TOSHIBA PRESIDENT QUITS AMID ACQUISITION TALKS WITH EX-EMPLOYER
The president of Toshiba Corp. stepped down Wednesday, a week after the Japanese technology and manufacturing conglomerate said it was studying an acquisition proposal from a global fund where he previously worked, Yuri Kageyama reported for the Associated Press (AP).
Nobuaki Kurumatani tendered his resignation at a board meeting, and the board accepted, effective Wednesday, Tokyo-based Toshiba said in a statement. Kurumatani headed the Japan operations of CVC Capital Partners, which proposed the acquisition last week, before taking his post as chief executive of Toshiba in 2018.
CVC is a European private equity firm, based in Luxembourg, which has committed nearly $162 billion in funds, managing more than 300 investors. It has declined to comment on the acquisition proposal or the president’s resignation. But speculation has been growing other funds may offer better prices.
Some questions had been raised, both within and outside the Tokyo-based company, about Kurumatani leading the board discussions on the acquisition. The CVC deal is estimated to be worth 2 trillion yen ($18 billion) and will turn Toshiba private. Toshiba said it was giving it “careful consideration.”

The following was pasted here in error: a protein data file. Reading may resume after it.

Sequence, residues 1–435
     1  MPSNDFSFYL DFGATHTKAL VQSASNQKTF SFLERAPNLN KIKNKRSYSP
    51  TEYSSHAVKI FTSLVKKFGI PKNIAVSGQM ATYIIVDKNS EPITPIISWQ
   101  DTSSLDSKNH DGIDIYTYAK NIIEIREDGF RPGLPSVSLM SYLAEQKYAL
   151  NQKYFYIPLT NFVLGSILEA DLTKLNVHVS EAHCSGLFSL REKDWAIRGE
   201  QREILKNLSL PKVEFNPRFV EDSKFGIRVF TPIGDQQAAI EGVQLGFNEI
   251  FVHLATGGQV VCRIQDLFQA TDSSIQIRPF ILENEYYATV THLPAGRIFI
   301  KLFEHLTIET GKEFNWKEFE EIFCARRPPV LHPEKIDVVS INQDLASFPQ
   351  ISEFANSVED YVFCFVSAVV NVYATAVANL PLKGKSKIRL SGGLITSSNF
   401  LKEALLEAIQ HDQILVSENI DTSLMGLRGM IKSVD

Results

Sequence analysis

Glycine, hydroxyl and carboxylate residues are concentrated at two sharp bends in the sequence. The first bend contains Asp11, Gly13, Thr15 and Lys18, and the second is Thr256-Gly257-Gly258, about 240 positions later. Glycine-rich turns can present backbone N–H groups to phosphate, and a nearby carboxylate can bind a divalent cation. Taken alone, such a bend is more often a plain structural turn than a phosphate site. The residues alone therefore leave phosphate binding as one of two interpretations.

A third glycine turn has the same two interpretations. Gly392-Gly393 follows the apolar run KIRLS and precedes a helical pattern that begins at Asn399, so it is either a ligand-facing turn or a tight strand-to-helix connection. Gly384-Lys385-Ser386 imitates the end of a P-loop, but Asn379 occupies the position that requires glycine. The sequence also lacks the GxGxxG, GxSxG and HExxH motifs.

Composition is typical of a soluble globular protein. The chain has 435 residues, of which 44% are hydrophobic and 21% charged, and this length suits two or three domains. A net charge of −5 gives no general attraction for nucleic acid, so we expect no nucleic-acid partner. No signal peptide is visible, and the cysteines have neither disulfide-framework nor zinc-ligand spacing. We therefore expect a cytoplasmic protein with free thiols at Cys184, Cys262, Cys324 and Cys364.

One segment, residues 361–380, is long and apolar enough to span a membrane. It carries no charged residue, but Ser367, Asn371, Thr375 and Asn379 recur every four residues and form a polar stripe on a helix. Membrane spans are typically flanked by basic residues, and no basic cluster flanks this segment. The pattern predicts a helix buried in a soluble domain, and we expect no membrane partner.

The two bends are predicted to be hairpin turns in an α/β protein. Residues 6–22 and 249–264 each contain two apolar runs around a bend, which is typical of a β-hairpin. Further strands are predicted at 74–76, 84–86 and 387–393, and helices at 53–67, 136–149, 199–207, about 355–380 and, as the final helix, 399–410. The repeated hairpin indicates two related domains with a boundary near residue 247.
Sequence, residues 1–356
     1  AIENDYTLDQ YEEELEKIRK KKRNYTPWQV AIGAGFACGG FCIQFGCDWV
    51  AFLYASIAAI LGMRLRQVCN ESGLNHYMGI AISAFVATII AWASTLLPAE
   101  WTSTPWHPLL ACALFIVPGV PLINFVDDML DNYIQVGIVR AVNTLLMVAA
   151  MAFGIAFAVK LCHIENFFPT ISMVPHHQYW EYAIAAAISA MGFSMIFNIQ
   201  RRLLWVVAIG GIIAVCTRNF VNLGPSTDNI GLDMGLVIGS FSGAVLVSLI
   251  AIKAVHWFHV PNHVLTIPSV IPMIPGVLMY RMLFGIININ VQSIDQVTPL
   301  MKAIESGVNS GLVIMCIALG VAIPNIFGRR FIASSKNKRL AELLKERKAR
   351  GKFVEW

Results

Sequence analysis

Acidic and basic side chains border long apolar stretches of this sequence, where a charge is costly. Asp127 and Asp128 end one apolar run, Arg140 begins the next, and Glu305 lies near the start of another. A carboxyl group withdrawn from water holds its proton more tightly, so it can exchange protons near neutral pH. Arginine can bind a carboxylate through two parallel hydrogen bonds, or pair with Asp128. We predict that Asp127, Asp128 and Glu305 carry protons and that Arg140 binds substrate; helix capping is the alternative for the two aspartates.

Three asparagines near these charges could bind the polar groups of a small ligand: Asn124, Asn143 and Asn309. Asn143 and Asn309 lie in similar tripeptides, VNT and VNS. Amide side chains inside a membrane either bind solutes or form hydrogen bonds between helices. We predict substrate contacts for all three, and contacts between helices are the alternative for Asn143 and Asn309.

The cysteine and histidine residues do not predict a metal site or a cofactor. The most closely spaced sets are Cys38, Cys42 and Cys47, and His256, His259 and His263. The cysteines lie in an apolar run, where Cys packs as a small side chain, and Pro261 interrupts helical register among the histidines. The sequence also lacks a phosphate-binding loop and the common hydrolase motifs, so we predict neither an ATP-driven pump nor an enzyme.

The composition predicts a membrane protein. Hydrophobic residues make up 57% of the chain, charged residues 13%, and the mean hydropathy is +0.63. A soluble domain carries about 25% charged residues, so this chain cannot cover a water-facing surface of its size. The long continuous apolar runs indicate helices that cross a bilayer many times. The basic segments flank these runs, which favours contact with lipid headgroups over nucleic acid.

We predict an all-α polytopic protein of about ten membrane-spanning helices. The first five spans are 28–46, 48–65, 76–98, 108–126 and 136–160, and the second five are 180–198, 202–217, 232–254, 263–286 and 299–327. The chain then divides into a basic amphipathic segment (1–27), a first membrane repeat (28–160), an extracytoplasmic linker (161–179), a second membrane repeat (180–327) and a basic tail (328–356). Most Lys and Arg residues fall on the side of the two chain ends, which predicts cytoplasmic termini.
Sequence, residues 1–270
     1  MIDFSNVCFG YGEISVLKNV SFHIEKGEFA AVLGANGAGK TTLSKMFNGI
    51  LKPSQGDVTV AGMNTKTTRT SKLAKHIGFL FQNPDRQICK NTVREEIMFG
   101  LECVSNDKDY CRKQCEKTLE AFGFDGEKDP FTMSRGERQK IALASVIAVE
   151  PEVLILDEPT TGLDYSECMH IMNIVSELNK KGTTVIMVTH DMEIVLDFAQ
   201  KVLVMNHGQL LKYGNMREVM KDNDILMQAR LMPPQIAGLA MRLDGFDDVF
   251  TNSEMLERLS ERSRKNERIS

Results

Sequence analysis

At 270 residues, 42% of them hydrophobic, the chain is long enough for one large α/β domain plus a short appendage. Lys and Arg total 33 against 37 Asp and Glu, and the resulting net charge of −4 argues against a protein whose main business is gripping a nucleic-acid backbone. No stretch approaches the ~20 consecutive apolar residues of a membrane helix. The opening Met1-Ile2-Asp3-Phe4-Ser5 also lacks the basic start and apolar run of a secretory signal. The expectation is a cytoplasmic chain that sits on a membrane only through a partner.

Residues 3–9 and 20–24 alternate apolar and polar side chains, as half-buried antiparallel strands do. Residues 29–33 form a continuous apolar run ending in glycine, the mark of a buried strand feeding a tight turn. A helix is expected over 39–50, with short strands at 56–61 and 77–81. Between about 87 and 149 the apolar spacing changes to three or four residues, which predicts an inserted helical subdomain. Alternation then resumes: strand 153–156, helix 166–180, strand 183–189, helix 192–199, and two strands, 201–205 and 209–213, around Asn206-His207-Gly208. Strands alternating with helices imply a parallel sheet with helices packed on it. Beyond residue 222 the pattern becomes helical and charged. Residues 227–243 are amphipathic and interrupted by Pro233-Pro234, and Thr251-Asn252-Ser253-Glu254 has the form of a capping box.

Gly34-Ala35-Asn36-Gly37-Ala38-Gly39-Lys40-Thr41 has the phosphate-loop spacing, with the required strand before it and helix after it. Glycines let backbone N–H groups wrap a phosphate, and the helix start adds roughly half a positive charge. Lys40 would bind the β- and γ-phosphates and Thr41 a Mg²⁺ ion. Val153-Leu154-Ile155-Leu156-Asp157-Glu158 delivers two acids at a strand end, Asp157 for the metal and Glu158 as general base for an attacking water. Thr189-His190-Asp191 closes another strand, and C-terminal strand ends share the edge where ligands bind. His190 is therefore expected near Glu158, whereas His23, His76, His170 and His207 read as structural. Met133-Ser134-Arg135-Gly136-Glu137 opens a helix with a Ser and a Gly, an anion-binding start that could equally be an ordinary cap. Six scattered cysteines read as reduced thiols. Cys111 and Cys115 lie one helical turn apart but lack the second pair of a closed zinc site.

Trading in the company’s shares was suspended when the news hit last week. Shares of Toshiba, whose sprawling business includes making elevators and railways, shot up on the CVC news, and have been trading at nearly 5,000 yen ($46). CVC is a European private equity firm, based in Luxembourg, which has committed nearly $162 billion in funds, managing more than 300 investors.
It has declined to comment on the acquisition proposal or the president’s resignation. But speculation has been growing other funds may offer better prices.
Toshiba, founded in 1875, was long revered as one of Japan’s respected brands, developing the nation’s first radar and microwaves, electric rice cookers, and laptop computers. It also invented flash memory, the ubiquitous computer chips that store and retain data for digital cameras, cell phones, and other gadgets. Toshiba no longer makes laptops, and it has sold its computer chips division.
The company’s fortunes began to crumble over its heavy investment in nuclear power. After the March 2011 nuclear disaster in Fukushima, costs of the business ballooned because of growing safety concerns. Some nations are turning toward sustainable energy.
Toshiba also had massive losses from the nuclear power operations of US manufacturer Westinghouse, which Toshiba acquired in 2006 and which filed for bankruptcy protection in 2017.